Pena Colabra Lockdown Music Video

Pena Colabra | Music Video | Ben and Jack Studio


Pena Colabra

Music videos have been so important to myself and Jack. As mentioned previously, my youth was made up largely of creating music not only hip-hop. We started playing instruments when we were 13 years old. Wether it was punk rock in my first band or hip hop a little later. For the last 15 years, I have done very little but the fire was always there, slowly burning away. I guess I have Covid to thank for allowing me the time to get back to it

 

The beginning 

The way Pena Colabra came about was quite strange. For example, I didn’t even know Jack played guitar. He never ever mentioned it. Another testament to how humble he is. I had an old acoustic sat by my deskt for weeks before he picked it up and started playing Beethoven. Your eyes are not deceiving you, BEETHOVEN! I was blown away. I think I looked up from my office chair (how times change) and said we should start a band. We did 

I asked my closest mates who played instruments if they’d join in and they didn’t hesitate

Jack taking a break on set. Even his BTS is epic!

Jack taking a break on set. Even his BTS is epic!

Ben playing the guitar that TSOA chords were written on

Ben playing the guitar that TSOA chords were written on

Bradley arriving on his BMX, true class

Bradley arriving on his BMX, true class

The full team. Ben, Neil, Selina, Jack and Bradley

The full team. Ben, Neil, Selina, Jack and Bradley

 


Saxby 

Actually I’ll we rewind a couple of months to before I heard Beethoven. I had a lot more time in lockdown. I started playing guitar again. Started to listen to some old music. I was fully onboard a nostalgic wave and I thought I’d have a go at just recording one of my favourite songs, Lake of Fire, by the meat puppets. Having sent the results over to Neil, it turns out that this was really the start of realisation that we wanted to make music together again. Throughout every turn of musical endeavour, Neil has been a constant. Recording my drums, recording my guitars, recording my versus and my vocals. Neil has had a fantastic career in music working and overseeing huge operations within the Brits and with Andrew Lloyd-Webber. It’s fair to say that he keeps good company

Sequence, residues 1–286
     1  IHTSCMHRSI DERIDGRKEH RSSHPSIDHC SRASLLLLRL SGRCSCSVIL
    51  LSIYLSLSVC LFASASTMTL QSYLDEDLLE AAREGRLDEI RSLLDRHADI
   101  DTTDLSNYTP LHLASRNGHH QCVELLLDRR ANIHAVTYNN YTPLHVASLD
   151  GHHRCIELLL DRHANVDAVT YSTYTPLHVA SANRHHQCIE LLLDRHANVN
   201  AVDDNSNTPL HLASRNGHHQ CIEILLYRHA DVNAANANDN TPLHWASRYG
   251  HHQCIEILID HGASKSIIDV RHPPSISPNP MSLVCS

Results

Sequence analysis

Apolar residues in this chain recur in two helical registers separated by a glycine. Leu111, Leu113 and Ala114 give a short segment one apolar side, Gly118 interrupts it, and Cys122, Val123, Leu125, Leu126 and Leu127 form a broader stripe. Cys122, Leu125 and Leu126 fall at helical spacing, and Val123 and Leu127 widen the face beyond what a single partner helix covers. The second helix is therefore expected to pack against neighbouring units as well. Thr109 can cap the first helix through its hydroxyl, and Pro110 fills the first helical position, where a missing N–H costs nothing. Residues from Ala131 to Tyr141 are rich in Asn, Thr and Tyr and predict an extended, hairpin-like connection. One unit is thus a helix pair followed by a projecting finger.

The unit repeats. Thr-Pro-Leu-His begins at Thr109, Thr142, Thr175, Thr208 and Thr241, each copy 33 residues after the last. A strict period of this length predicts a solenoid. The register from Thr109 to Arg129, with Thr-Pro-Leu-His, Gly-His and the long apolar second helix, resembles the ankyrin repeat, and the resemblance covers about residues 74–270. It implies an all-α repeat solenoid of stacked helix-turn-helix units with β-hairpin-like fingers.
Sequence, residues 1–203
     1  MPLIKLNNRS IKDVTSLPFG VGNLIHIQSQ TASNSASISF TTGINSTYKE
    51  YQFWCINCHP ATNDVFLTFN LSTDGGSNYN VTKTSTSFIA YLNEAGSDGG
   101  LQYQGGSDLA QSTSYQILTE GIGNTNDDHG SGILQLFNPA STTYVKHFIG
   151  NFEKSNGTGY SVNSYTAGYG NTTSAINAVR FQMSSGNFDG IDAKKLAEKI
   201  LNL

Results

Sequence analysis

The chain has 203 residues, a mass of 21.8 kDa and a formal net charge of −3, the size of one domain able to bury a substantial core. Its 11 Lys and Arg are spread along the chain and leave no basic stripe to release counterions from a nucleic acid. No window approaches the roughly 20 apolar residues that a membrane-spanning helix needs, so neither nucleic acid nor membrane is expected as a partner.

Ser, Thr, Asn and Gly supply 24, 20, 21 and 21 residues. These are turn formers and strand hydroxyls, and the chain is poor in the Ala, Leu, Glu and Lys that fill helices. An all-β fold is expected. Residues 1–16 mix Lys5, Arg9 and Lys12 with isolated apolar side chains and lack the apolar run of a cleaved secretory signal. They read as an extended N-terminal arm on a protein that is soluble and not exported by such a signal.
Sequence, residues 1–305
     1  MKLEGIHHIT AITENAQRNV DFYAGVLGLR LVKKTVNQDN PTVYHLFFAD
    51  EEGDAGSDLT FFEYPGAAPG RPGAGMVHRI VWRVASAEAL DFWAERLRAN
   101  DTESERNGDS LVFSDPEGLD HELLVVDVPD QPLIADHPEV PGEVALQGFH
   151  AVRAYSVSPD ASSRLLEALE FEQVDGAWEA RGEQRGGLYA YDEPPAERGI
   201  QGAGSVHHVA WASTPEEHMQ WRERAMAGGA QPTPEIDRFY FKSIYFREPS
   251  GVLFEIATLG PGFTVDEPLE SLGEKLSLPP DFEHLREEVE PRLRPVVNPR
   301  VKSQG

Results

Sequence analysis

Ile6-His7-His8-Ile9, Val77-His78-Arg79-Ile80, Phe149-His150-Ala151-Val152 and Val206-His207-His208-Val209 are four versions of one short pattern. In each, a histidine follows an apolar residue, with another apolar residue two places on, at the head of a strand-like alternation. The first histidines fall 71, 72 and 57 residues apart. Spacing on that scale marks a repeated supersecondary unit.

Neil plays his bass guitar in the rain

Neil plays his bass guitar in the rain

 

The song

It’s hard to describe TSOA. Hard to put it into a genre too. The music is a strange mix of lots of different influences. It has hints of grunge, punk and good ol rock n roll. The vocals have a very strong hip hop type of rhythm to them which basically pulls all my favourite music into one song essentially. Neil and I co wrote the main bulk of the song and Jack came along at the end plucked absolute fire onto the end of it. When I heard the solo, it became very obvious how this music video was going to end. We will come to that wonderful performance later


The subject of the song, in terms of lyrics, wasn’t for everyone, I found that out pretty quickly. The joys of posting online! Sometimes when stuff goes on in the world, you just write a song about it. That’s how I felt that day, sorry

Ben with the Ronin 2. Thank goodness they were short takes

Ben with the Ronin 2. Thank goodness they were short takes

The video

We wanted to go all out for this music video. Well I did anyway. The concept was a band that are unable to jam together. As they are unable to this they each set their phones up and join a team chat platform

Each person go their own little intro and are all present on the video chat when the song kicks in, except for Jack

As each person does their bit we have a side story. Jack has overslept and missed the call. Not wanting disappoint, he pulls out all the stops and even finds a couple of dancers, sitting on the side of the road. The ending is big and beautiful. There are lights, a lot of lights, 50 confetti canons, dancers, CO2 blasting fog machines, branded merchandise and a massive warehouse to fit it all in

Jack was late to the party, but he absolutely stole the show


When putting the ideas down it was pretty difficult at some points to articulate the concept I was imagining. I think the rest of the band were unsure of what I was trying to achieve. To be honest, at points I was doubting myself!

Jack

The song builds to such a big crescendo I just wanted the video to do the same. When we were writing the music I think I said words to the effect of ‘Do what you want with the solo Jack, just make sure its the most epic thing you have ever done in your life’

When Jack finally makes it onto the video call, he arrives with a bang. Literally. We set off all of the confetti and all of the lights were going ten to the dozen. At one point we burned the fog machines out. Oops. We shot this scene 22 times so I could choose parts of the performance that always had something going on. I was spoilt for choice in the edit!

Jack delivers his solo and the song comes to an end. I just want to thank everyone for their input into this music video. A true collaborative effort. Thank you to Jack, Neil, Selina, Bradley, Tony, Ida, Kelsey, Ben at Orange Discos

It’s fair to say, that, as always, Jack delivered on this project. When we recorded the track and it came back from our producer Adam Train who truly is an absolute genius by the way, I was blown away again. Even more than when I heard him play Beethoven

 

 

 

Thank you for watching

Ben Marlow

www.benmarlow.com

instagram.com/benmarlow

Jack Tompkins

www.jacktompkins.co

Instagram.com/jackwrtompkins